A morally twisted or grey female antagonist, when done right, can make for an interesting read; adding complexity to the story, and usually bringing a fresher take on a profoundly evil motive. Here are some of the well-written, quality female anti-heroes that not only won over the audience but also left an impact.
Miranda Priestly, The Devil Wears Prada
Miranda Priestly, Editor in Chief of Runway fashion magazine, comes on to the screen with a flaring intensity that draws in attention from the very first minute. We see her as a dictatorial boss ruling with an iron fist, we see her as a doting mother willing to hand her children the world, and we see her standing rock steady against all odds that come up in her personal life. She resonates power, walking past her employees who quake in her presence with a weird combination of fear and respect. A character mostly shrouded in mystery, she's shown to be ruthless and indifferent, not hesitating to make decisions that may prove to be detrimental for her own people. But in the rare moments that there are transitory glimpses of her softer and more humane side, it's a pleasant surprise and a treat to the viewers.
Morgana Pendragon, Merlin
Morgana's story, perhaps, echoes one of the most tragic character evolutions in this list. Introduced as the beautiful, poised and cheeky ward of King Uther, Morgana not only locks horns with the prince whenever he acts up, but also challenges Uther head on when she thinks he's siding with injustice. Morgana is intricate, headstrong, and likable in the beginning. But as the story progresses, we see her gradual downfall. She's robbed of her faith, her perception of justice, her confidence, her sense of security, and her trust in her friends. We see a vivacious, righteous girl transform into an isolated, forlorn, and vengeful witch who craves nothing but destruction to fill her grief. In the midst of a violent war, she's cunning and manipulative and terrifying, as she meticulously calculates every step that would win her the crown of Camelot.
Azula, Avatar - The Last Airbender
Azula, the daughter of the Fire Lord, is portrayed to be somewhat of a psychopath with a nearly absent EQ. She's a ruthless commanding leader, powerful fighter and a strategic political leader. But in her mission to capture the Avatar, we're shown shards of her weaknesses that cut through her image of perfectionism. She's driven by her own paranoia throughout her journey. She's unable to relate to other people, feels insecure about her significance in her parents' affections with her brother there to overrule her, and constantly tries to trample people's happiness for her own satisfaction. Her mental afflictions are portrayed in bits and pieces, and they finally cumulate at her coronation, causing her to break down completely at the face of unexpected and brutal betrayal.
Annie Leonhardt, Attack on Titan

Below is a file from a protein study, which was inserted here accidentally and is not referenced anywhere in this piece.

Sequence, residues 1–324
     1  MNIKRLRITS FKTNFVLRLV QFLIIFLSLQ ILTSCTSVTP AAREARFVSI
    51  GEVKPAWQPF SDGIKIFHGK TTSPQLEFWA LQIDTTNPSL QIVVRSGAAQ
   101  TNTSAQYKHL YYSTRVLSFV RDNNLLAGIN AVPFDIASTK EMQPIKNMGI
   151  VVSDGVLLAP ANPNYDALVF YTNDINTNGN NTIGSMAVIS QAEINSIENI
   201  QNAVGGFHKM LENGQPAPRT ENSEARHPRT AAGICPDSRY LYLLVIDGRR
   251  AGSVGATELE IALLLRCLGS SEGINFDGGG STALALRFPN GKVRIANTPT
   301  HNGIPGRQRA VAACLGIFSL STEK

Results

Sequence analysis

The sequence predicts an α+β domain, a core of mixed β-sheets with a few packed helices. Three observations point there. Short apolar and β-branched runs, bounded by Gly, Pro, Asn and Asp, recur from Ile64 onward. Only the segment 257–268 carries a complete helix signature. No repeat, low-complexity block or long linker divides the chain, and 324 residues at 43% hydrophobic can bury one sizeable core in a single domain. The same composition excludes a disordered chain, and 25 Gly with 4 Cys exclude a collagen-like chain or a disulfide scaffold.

One of the most enigmatic anti-hero of the anime world would be Annie Leonhardt, a graduate of the 104th Training Corps of the military force. She's a silent brooder, who's shown to be lazy, blasé, and insensible. But she's also direct, tactical, and clever in her approach to surviving in the fight against the titans. Annie is showcased as a distant friend and an excellent observer, often stepping up to help her friends overcome their weaknesses. It's these small acts of kindness that deceive the viewers. Her story stems from a dark past, filled with haunting memories of a father who was obsessed with training her to survive in their world. She's inexplicable – jumping from trying to help her friends in the middle of an intense fight to quietly assassinating them to keep her secrets. From an objective point of view, it would seem she feels a lack of emotion for anything outside of the concept of survival, willing to unwaveringly face her friends in the battlefield without a hint of remorse or reluctance.
Dolores Umbridge, Harry Potter
This list would not be complete without the inclusion of one of the most universally renowned characters for outright evilness, Dolores Umbridge. Author Stephen King described her as “the greatest make-believe villain to come along since Hannibal Lecter”. From an outsider's viewpoint, she'd seem like the perfect lady, ever smiling, put together, and dynamic in her work. In reality, she possesses a twisted personality that intends to cause harm in the guise of doing good. Her demons are hidden behind sugarcoated smiles, and her indifference to morals have her taking actions that merely help to add to her overall unpleasantness. She's irredeemable, intolerable, and frustrating as a character. And that is what makes her such a captivating read – the ease with which she can evoke emotions of the readers.
Mashiyat Iqbal is a procrastinator, a coffee-addict and an insomniac whose friends say she is hopelessly optimistic but she begs to differ. Send her some much needed luck at email@example.com